A man has been sentenced to more than 18 years for the 2011 shooting deaths of two brothers in Leavenworth.

A man has been sentenced to more than 18 years for the 2011 shooting deaths of two brothers in Leavenworth.

Aundray D. McDonald, 37, was sentenced Friday in Leavenworth County District Court for two counts of voluntary manslaughter and one count of criminal possession of a firearm by a convicted felon.

The charges stemmed from a Dec. 16, 2011, incident that resulted in the deaths of Derrick and Marshall Jones. The brothers were shot in a parking lot outside of a barbershop at Broadway and Metropolitan Avenue. They were driven from the scene by a friend, but the car crashed in a park at Spruce and Seventh streets. Derrick, 25, was pronounced dead at the crash scene. Marshall, 28, died at a hospital.

District Judge Gunnar Sundby followed the recommendations of a plea agreement Friday by imposing a 221-month sentence.

Family members of the victims had asked for a lengthier sentence. One of the family members screamed after hearing the judge was following the plea agreement, and she had to leave the courtroom.

Several members of the Leavenworth County Sheriff's Office were in the courtroom Friday in case there were problems during the sentencing. Sheriff Andy Dedeke, who was in the courtroom, said officials knew it was an emotionally charged event for the victims' family.

McDonald had been charged with premeditated first-degree murder and first-degree felony murder for the deaths of the Jones brothers. The charges were amended last month as part of the plea agreement, and he pleaded guilty to the amended charges. Also as part of the plea agreement, a charge of criminal discharge of a firearm at an occupied vehicle was dismissed. And an unrelated drug case against McDonald was dismissed.

McDonald's guilty plea to the voluntary manslaughter charges means, according to the law, he had an honest but unreasonable belief the use of deadly force was justified the night of the shootings.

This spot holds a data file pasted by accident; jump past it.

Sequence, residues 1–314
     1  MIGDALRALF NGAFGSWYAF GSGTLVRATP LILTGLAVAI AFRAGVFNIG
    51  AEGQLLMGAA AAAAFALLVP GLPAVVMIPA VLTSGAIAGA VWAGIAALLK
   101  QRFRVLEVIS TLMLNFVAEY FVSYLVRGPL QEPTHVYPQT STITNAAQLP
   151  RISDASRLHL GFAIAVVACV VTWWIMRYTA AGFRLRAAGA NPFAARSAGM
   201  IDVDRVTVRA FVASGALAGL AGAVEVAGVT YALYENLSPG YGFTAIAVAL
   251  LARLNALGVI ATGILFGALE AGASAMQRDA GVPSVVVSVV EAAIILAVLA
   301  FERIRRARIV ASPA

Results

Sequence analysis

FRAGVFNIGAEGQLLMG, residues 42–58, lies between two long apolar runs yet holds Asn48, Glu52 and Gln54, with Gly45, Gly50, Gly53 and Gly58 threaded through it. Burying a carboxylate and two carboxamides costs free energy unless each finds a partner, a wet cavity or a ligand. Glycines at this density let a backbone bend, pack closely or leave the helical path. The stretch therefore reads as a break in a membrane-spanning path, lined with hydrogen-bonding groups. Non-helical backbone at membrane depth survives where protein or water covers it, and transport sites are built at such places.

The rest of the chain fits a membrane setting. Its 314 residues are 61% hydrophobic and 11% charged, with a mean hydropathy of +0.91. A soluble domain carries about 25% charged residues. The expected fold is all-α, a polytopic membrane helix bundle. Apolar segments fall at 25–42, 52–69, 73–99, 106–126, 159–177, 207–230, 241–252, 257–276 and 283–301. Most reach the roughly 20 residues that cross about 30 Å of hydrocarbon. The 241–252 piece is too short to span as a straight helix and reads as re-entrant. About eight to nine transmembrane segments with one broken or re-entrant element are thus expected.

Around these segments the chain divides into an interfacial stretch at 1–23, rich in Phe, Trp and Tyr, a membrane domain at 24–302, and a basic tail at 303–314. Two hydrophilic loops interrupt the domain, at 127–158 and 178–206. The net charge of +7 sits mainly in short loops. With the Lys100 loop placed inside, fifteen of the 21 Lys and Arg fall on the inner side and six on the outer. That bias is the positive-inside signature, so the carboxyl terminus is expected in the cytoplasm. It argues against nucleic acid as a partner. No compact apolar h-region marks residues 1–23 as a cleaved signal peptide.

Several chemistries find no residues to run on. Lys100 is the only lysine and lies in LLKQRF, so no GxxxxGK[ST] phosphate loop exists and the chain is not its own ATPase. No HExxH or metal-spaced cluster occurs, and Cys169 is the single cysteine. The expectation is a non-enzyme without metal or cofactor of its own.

"We have two young men that were killed in this case," Assistant County Attorney Michael Jones said during Friday's sentencing hearing.

The prosecutor noted that McDonald would be going to prison, leaving behind family. But he said the mother of the victims also is suffering.

Four family members of the victims spoke during the sentencing hearing including Mary Jones, mother of the two brothers.

She said McDonald should be sentenced to nothing less than 40 years in prison. She said McDonald's family will be able to visit him in prison. But her family only will be able to visit her sons in a cemetery.

Christina Jones, the victims' sister, said her family had not agreed to the sentence recommended in the plea agreement.

"Not one day goes by that I don't think about my brothers," she said.

McDonald's attorney, Carl Cornwell, said he was not surprised by the comments of the victims' family, which he said were heartfelt.

"You could obviously tell they are suffering," he said.

Cornwell said on behalf of the McDonald family "we are saddened."

The attorney said his client had wanted to resolve the case without going to trial. He said there were a lot of facts to support a self defense claim on the part of his client.

"There were a lot of facts that supported this plea," he said.

Cornwell noted that in addition to 221 months for the Leavenworth case, McDonald is having to serve time for a Johnson County case.

In the Johnson County case, McDonald is serving a sentence for attempted aggravated battery after his probation was revoked. The earliest he can complete that sentence is Nov. 25, 2014, according to a Kansas Department of Corrections website.

McDonald was given the opportunity to speak during Friday's sentencing hearing. He said he didn't go to the barbershop with the intent to harm anyone.

McDonald said he was sorry for the victims' family.

He also said he was ready for the case to be over.

Sundby said what happened were horrific events.

The judge said because of state sentencing guidelines, he was limited in what he could do. He said could impose a longer sentence if he felt the prosecution had acted in bad faith, but he doesn't believe this to be the case.

The 221-month sentence will run consecutive to the sentence McDonald is serving for the Johnson County case.

County Attorney Todd Thompson said prosecution officials had spent a considerable amount of time going over the Leavenworth County case with the family of the victims.

"There is never going to be any happiness in a case like that," he said, speaking after the sentencing.